The best movies to watch from London Film Festival


As the (popcorn) dust settles on this year’s event, here’s our critic’s round-up of the films we didn’t have space to preview.

Bardo, False Chronicle of a Handful of Truths

Alejandro G. Iñárritu‘s latest is as bizarre as it is self-indulgent. Full of visual metaphor and absurd humour, this three-hour, character-driven epic about a frustrated documentarian is at times beautiful, devastating, hilarious and aggravating. It all comes together as one of the longest and most divisive films on the festival circuit. Worth seeing to know what all the fuss is about. In cinemas on 18th November, on Netflix from 16th December

Enys Men

Cryptic and haunting, Mark Jenkin’s Cornish folk-horror is a symbol-rich love letter to eerie fare of the 70 and 80s such as The Wicker Man and The Blood on Satan’s Claw. Enys Men is an exercise in pure analogue form, yearning for a time of flickering tape, film-grain and free-associative narratives. A nostalgic dream that becomes a bizarre nightmare. In cinemas January 2023

Blue Jean

Blue Jean is exactly the kind of film we need right now: a direct confrontation with Britain’s bigoted past. A kitchen-sink drama about a lesbian schoolteacher, set in 1988, in the wake of Section 28 (the bill that banned discussion of homosexuality in schools), Blue Jean is a reminder that beneath nostalgia is a truth composed of pain and rage — and, given today’s moral panic over trans identity, a poignant tale on the power of cultural intolerance. In cinemas 10th February 2023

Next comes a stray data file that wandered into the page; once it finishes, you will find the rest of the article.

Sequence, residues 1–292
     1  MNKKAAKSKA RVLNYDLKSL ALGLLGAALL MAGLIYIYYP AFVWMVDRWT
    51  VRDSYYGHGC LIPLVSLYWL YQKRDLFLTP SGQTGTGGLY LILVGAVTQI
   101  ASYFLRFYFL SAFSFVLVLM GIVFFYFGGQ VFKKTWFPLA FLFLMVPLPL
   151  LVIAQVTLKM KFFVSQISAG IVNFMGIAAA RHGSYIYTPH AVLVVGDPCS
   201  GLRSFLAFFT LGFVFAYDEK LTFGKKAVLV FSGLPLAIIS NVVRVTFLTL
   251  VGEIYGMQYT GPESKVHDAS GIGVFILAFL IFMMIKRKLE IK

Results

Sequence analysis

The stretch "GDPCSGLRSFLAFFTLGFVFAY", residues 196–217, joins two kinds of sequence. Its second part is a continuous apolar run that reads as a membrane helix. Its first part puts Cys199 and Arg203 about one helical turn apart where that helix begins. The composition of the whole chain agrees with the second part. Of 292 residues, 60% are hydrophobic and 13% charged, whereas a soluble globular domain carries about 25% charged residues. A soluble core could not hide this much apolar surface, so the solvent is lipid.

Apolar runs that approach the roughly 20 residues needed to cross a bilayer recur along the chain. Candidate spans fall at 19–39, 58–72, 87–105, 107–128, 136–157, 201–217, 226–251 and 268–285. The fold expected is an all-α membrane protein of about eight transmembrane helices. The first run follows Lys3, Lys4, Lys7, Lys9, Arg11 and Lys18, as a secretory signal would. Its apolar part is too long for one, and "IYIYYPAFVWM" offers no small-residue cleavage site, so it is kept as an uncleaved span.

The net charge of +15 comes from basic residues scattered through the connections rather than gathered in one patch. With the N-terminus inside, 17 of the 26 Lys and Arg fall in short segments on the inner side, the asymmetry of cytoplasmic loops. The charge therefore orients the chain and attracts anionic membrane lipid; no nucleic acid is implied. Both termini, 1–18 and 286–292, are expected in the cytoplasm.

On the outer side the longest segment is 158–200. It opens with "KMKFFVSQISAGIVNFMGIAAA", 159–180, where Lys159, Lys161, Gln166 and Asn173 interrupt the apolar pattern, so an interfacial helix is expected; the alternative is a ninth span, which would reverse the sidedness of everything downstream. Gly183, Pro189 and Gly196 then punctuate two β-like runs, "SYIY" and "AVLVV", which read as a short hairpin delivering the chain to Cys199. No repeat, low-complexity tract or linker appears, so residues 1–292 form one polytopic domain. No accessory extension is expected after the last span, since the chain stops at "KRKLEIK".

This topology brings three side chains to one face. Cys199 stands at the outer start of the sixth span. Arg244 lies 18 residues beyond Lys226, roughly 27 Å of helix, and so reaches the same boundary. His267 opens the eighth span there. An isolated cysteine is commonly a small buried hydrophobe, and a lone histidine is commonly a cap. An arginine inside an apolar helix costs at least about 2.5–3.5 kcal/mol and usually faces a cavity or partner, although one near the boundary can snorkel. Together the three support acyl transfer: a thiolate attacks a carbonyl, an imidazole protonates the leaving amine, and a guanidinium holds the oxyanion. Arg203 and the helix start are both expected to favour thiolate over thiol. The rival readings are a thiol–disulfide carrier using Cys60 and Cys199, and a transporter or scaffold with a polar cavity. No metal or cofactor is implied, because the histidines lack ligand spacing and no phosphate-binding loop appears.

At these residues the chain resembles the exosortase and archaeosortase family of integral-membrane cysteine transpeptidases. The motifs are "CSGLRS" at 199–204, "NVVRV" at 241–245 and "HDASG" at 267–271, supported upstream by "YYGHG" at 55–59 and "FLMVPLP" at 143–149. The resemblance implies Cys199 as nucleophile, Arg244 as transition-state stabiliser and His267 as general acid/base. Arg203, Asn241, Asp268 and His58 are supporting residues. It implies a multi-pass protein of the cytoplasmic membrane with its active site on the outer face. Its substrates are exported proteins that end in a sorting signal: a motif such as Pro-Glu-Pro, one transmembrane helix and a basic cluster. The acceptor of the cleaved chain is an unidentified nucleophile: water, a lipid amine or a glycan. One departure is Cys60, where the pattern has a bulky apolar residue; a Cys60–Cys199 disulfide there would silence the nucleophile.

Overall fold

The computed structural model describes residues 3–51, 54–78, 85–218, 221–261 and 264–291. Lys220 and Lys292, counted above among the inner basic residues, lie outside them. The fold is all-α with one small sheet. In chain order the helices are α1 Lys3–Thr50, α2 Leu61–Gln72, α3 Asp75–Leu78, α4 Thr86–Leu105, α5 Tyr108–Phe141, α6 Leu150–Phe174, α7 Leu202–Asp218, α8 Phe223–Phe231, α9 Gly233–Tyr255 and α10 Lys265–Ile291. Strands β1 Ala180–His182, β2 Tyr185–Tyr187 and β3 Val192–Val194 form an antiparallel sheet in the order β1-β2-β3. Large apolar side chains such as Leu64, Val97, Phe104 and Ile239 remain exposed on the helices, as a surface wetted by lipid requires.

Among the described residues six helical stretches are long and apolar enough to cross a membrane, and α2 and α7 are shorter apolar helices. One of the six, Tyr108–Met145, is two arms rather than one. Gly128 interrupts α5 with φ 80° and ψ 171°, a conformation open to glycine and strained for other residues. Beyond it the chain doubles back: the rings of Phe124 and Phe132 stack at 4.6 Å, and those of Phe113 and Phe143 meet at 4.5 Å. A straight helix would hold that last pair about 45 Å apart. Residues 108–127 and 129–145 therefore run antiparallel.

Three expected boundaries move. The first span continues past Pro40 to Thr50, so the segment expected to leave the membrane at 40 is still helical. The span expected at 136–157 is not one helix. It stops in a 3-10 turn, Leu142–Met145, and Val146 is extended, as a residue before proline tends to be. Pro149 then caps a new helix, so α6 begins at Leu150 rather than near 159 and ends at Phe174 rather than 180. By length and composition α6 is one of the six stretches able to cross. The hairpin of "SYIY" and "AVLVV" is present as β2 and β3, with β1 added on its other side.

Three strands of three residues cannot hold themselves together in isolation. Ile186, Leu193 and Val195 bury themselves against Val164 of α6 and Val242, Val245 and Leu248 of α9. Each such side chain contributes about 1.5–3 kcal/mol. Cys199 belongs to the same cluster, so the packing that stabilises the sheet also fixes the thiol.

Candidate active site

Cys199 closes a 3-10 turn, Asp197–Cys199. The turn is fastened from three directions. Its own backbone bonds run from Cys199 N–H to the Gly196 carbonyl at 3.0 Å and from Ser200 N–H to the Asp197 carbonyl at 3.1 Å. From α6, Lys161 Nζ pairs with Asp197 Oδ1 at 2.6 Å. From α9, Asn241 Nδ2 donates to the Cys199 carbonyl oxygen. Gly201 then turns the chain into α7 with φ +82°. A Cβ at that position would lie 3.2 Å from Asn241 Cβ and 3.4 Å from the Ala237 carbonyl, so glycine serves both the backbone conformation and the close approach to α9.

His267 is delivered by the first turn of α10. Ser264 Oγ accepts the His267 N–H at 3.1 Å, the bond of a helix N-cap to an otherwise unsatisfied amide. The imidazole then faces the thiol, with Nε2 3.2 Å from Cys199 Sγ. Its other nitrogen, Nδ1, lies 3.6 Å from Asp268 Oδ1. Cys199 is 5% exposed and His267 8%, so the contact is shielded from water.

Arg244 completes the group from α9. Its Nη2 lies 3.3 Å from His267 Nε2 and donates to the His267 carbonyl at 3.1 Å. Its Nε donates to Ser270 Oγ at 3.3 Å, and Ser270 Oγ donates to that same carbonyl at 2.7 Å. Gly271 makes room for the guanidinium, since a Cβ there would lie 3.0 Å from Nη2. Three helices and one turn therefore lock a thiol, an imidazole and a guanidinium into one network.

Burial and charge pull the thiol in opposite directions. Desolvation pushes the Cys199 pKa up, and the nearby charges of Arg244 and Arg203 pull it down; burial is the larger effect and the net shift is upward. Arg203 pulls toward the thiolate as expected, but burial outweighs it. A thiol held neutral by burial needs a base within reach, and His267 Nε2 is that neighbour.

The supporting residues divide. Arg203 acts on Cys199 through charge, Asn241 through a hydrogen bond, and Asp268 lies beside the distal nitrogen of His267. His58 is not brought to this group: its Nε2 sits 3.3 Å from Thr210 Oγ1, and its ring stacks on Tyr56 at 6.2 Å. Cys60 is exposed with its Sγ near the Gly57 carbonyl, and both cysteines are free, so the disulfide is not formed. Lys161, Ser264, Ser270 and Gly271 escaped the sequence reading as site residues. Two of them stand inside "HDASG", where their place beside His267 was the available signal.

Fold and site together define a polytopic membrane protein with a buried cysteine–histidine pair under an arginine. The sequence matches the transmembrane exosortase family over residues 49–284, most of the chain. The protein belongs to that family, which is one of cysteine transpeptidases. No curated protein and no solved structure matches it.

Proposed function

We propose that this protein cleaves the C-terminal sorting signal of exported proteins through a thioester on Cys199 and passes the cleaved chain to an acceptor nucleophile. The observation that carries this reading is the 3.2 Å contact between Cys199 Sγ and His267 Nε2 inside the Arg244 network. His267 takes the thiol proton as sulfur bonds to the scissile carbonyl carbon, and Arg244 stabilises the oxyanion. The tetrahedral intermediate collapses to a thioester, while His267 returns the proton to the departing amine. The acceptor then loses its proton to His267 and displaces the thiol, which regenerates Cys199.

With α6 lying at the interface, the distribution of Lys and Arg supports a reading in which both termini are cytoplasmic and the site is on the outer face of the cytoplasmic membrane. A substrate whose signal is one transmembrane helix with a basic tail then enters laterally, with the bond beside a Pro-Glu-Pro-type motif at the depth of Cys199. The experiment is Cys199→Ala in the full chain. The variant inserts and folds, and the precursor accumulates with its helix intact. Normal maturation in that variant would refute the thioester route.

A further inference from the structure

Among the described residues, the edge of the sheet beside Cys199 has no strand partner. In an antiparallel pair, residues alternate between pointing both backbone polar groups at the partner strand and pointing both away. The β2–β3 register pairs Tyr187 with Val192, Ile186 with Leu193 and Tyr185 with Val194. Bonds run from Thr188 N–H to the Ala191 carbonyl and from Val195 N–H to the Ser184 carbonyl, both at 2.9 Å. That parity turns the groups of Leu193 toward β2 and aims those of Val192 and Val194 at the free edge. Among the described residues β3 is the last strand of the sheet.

Saim Sadiq’s debut is a beautiful, queer film aching with the scars of social repression. A devastating drama set in Lahore, Pakistan, that follows a young backup dancer as he falls for a transgender musician, in the face of his conservative father. The rare film that respects its trans protagonist unconditionally, granting her joy, without skimping on the harsh reality of discrimination. Joyland is brilliant. In cinemas 24th February 2023

Medusa Deluxe

Written and directed by British newcomer Thomas Hardiman, Medusa Deluxe was one of the biggest surprises of LFF. When a stylist is murdered at a regional hairdressing competition, leaving the contestants pointing fingers, scissors fly and tempers soar. The result is one of the most sharply written, bitchiest and straightforwardly hilarious films of the entire festival. A sheer delight made even better by incredible performances. Oh, and it’s all shot in one take, too. Release TBC

Watch a hand-picked selection of the best new films from around the world, exclusively on BFI Player until 23rd October

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